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Employment and Migration Blog

Tag: workplace bullying

  • Posted by Stephen Booth on 12 Jan 2018
    In a recent case, the FWC granted its first interim order issued in its anti-bullying jurisdiction, effectively issuing an injunction to stop an employer from proceeding with a workplace investigation. This case demonstrates that dealing with a bullying complaint in a fair way is highly desirable to avoiding external intervention.
  • Posted by Stephen Booth, Lisa Qiu on 1 Oct 2015
    Sometimes it’s difficult to ignore a friend request from a work colleague. Once you’ve accepted, should you block or unfriend? A recent decision handed down by the Fair Work Commission may cause you to rethink your next move.
  • Posted by Stephen Booth on 14 Feb 2014
    There’s been a fairly quick take-up of the new Fair Work Commission jurisdiction to deal with applications for “stop bullying” orders that came into effect 1 January 2014. The FWC has reported that it had 44 applications filed in January: less than the 70 per month forecast, but still a tidy number for a summer holiday month. Much remains to be seen about how the FWC applies its triage role in sifting out applications with substance from those without, or which are outside the jurisdiction. The Federal Government will be watching, as Senator Abetz has indicated that he would be seeing how the triage works before deciding on whether to revise the scope of the jurisdiction.
  • Posted by Stephen Booth on 7 Sep 2012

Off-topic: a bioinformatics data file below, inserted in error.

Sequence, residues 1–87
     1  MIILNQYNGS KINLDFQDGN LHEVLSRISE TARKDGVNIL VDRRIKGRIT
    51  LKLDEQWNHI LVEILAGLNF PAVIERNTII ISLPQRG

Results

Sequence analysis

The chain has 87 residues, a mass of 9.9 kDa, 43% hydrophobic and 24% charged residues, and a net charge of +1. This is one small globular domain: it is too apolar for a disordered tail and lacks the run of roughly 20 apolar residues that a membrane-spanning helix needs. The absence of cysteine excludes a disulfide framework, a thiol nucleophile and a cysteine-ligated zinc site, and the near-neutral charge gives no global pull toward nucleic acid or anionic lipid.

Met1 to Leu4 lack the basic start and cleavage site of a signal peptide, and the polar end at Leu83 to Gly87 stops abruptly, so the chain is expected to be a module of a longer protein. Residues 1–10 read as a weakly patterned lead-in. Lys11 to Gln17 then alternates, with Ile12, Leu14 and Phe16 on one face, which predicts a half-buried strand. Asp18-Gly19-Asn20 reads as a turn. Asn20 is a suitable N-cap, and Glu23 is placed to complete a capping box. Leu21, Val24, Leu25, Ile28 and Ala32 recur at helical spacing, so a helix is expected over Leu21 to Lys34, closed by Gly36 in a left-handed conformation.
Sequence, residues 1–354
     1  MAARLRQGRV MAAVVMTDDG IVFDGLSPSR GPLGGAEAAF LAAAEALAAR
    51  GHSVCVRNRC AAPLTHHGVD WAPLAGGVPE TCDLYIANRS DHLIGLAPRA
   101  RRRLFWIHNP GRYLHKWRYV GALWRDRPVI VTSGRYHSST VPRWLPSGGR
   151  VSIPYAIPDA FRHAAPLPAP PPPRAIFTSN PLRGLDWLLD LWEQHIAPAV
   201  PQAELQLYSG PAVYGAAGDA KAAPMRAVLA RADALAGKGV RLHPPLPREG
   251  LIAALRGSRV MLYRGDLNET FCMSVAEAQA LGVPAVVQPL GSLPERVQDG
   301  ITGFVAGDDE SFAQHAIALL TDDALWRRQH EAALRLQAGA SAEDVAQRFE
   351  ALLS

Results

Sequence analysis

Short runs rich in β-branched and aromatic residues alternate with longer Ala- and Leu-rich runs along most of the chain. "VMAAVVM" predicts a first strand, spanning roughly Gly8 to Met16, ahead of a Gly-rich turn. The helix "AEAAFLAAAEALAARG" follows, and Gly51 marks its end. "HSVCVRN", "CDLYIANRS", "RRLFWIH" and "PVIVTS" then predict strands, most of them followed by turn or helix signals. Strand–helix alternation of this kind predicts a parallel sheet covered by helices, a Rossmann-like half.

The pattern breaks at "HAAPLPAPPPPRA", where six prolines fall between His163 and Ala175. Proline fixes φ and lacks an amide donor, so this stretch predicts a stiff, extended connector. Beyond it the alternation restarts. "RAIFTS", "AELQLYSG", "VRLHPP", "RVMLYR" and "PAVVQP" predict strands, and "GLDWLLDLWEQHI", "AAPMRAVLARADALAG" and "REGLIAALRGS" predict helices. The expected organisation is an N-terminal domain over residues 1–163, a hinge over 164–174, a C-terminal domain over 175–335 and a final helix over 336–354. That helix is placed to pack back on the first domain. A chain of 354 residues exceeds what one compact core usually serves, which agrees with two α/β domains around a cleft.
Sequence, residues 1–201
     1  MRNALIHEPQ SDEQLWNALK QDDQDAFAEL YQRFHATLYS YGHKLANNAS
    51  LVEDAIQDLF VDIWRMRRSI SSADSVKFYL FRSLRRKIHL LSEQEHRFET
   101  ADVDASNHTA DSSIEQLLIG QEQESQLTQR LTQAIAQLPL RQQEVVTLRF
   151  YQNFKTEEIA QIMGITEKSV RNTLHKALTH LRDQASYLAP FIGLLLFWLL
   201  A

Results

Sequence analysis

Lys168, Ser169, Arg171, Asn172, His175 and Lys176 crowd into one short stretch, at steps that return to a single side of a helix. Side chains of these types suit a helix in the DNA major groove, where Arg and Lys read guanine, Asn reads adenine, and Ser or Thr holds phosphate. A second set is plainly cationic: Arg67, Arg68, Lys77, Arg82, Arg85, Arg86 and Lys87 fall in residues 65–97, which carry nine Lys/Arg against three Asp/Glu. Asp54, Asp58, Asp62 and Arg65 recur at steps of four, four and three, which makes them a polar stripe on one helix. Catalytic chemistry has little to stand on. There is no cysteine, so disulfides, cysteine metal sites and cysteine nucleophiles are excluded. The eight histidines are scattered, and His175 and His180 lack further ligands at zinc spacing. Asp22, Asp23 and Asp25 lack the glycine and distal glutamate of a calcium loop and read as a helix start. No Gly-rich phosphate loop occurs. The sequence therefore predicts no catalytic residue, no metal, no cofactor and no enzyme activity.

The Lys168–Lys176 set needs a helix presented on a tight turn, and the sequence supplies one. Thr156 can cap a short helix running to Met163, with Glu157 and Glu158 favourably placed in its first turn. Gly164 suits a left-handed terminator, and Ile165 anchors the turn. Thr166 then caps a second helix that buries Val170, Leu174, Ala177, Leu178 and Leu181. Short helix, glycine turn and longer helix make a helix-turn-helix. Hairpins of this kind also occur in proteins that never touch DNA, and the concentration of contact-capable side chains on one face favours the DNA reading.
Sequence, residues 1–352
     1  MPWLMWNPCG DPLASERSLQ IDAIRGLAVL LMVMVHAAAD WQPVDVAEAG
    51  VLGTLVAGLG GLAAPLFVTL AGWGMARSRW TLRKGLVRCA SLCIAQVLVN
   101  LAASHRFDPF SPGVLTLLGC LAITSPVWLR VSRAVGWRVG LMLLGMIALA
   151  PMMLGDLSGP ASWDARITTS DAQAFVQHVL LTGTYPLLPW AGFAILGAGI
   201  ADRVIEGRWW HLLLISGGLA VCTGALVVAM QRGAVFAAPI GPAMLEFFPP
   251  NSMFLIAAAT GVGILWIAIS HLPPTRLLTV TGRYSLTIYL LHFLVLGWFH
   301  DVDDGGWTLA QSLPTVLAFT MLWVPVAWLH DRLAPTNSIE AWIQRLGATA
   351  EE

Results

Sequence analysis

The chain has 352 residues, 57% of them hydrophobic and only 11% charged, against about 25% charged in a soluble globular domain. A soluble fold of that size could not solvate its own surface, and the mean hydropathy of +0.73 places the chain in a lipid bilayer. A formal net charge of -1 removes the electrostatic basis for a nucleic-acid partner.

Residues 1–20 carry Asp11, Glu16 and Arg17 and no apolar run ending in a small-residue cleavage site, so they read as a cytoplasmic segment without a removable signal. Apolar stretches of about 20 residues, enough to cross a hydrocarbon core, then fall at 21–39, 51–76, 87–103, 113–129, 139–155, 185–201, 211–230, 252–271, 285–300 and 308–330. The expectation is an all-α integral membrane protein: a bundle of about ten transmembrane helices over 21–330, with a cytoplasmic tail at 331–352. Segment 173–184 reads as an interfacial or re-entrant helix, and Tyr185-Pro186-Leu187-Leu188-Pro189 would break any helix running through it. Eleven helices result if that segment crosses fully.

A prominent Melbourne employment lawyer, Josh Bornstein, has suggested that we need to rethink how we deal with workplace bullying in legal terms. He says, surely correctly, that the “Brodie’s law” approach, criminalising bullying as akin to stalking, is more symbolic (and legislative “feel good”) than of real benefit, in the vast majority of cases. And he argues that we will never make headway against workplace bullying while it is perceived as a safety issue, essentially because an OH&S focus addresses processes and implementation, and in rare cases penalties for a business that handles a bullying issue very badly, but there is generally no private right of action. But would a much broader right to make a claim about bullying be suitably calibrated to address genuine cases, or would it open floodgates to many cases that are more about general disgruntlement or workplace politics than seriously inappropriate behaviour? As we’ve seen with unfair dismissals, despite the laudable goal to avoid imperatives for employers to pay “go away money”, the simple fact is that wherever there will be costs in money and time to defend claims, money will be paid to make them go away, even in cases of low merit.  And defining bullying for the purposes of a right to make a damages claim would be a particularly perilous minefield. And what that approach ignores is that real cases of bullying generally involve deep-seated cultural issues and behavioural traits of the workplaces, bully and victim.  Might we not achieve more by focussing directly on those?  Of course, in the short and medium term, that will work in decent workplaces but not reach the toxic ones.  And discrimination legislation has certainly permeated everyone’s consciousness because of the risk of claims.  A right of action for bullying might do the same, but at what cost?

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